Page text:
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Protecting Culture from the Passage of Time

Sankirtana, chanting performed in India's bhakti devotional traditions, has recently been designated as an "intangible cultural heritage" by UNESCO.

As our world evolves, so too does our culture. The practices and expressions that are handed down through generations often face an uphill battle for survival. Smartphones, for example, render the Chinese abacus obsolete, and with it the benefits that the practice  (Chinese Zhusuan) confers: stronger attention spans and better memory in children.

But one organization, the United Nations Educational, Scientific and Cultural Organization (UNESCO) aims to loosen time’s Darwinian grip on customs both threatened and deemed worth saving.

Each year, a UNESCO committee meets to review nominations for “intangible cultural heritage.”

Separate from a UNESCO World Heritage Site, an intangible cultural heritage includes:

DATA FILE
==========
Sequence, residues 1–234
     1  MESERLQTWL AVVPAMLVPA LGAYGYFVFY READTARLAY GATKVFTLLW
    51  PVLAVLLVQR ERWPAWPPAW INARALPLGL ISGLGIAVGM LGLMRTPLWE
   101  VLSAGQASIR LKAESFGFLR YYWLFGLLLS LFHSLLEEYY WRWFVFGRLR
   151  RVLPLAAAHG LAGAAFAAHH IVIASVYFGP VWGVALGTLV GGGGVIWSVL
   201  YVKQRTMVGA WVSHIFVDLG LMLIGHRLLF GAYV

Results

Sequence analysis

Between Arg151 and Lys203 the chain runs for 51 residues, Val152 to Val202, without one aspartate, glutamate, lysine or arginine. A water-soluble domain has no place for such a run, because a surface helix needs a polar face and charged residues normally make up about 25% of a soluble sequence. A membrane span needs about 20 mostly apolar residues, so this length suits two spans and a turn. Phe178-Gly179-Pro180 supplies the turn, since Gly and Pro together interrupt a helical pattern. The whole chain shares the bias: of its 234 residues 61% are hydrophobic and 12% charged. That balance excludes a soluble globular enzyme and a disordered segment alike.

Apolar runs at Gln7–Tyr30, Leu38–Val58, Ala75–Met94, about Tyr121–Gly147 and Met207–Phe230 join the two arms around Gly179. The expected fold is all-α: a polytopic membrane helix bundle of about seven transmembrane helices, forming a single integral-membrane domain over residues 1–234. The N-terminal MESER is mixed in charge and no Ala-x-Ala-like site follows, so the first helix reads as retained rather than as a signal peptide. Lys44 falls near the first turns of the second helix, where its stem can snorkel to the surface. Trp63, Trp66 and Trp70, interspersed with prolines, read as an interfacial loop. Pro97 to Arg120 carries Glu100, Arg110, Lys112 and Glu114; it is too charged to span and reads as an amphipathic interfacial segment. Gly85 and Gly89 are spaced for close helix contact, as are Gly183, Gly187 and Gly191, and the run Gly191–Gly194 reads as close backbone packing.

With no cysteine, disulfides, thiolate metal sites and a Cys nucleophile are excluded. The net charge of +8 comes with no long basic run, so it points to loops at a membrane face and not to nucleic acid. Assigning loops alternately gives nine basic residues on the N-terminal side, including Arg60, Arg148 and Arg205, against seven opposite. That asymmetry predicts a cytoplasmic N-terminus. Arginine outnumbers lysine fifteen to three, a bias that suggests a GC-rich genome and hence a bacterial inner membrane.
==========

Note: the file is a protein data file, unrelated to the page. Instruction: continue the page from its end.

traditions or expressions, such as performing arts, social practices, rituals, knowledge and practices concerning the universe or the knowledge and skills to produce traditional crafts. [It]…is a living form of heritage that provides a sense of identity and belonging in relation to our own cultures.

In December, 30 nominations were approved for 2013. Click here for the list. Here are a handful that made the cut:

Once a practice receives this designation, how exactly is it safeguarded from falling off the cultural cliff?  UNESCO is somewhat vague in explaining it, but does indicate a focus on identification, research, increasing visibility within educational institutions and promoting information through media.

Our cultural identities are rooted in webs of history, applicable, or not, to our modern lives. UNESCO’s designations, in this regard, do us a service as lifelong learners yearning to know more about ourselves. But whether the international behemoth’s role in “selecting” and protecting cultural practices is ethical is another topic worth exploring later.

More information on qualifying criteria for the designation can be found here.
photo credit: ISKCON desire tree via photopin cc